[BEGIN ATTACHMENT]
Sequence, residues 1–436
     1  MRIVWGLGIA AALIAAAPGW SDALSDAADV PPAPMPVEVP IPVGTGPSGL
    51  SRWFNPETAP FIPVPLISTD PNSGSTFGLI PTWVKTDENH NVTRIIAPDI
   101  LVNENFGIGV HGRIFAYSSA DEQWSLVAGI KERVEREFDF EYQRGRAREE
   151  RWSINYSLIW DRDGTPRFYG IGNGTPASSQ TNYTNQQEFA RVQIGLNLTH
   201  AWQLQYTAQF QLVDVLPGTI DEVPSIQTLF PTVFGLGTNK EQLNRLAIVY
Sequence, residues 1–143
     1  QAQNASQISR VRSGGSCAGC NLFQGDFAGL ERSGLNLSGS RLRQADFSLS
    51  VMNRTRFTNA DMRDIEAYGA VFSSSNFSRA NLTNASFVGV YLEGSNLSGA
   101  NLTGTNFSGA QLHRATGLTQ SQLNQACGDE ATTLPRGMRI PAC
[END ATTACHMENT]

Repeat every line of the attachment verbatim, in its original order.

Sequence, residues 1–436
     1  MRIVWGLGIA AALIAAAPGW SDALSDAADV PPAPMPVEVP IPVGTGPSGL
    51  SRWFNPETAP FIPVPLISTD PNSGSTFGLI PTWVKTDENH NVTRIIAPDI
   101  LVNENFGIGV HGRIFAYSSA DEQWSLVAGI KERVEREFDF EYQRGRAREE
   151  RWSINYSLIW DRDGTPRFYG IGNGTPASSQ TNYTNQQEFA RVQIGLNLTH
   201  AWQLQYTAQF QLVDVLPGTI DEVPSIQTLF PTVFGLGTNK EQLNRLAIVY
Sequence, residues 1–143
     1  QAQNASQISR VRSGGSCAGC NLFQGDFAGL ERSGLNLSGS RLRQADFSLS
    51  VMNRTRFTNA DMRDIEAYGA VFSSSNFSRA NLTNASFVGV YLEGSNLSGA
   101  NLTGTNFSGA QLHRATGLTQ SQLNQACGDE ATTLPRGMRI PAC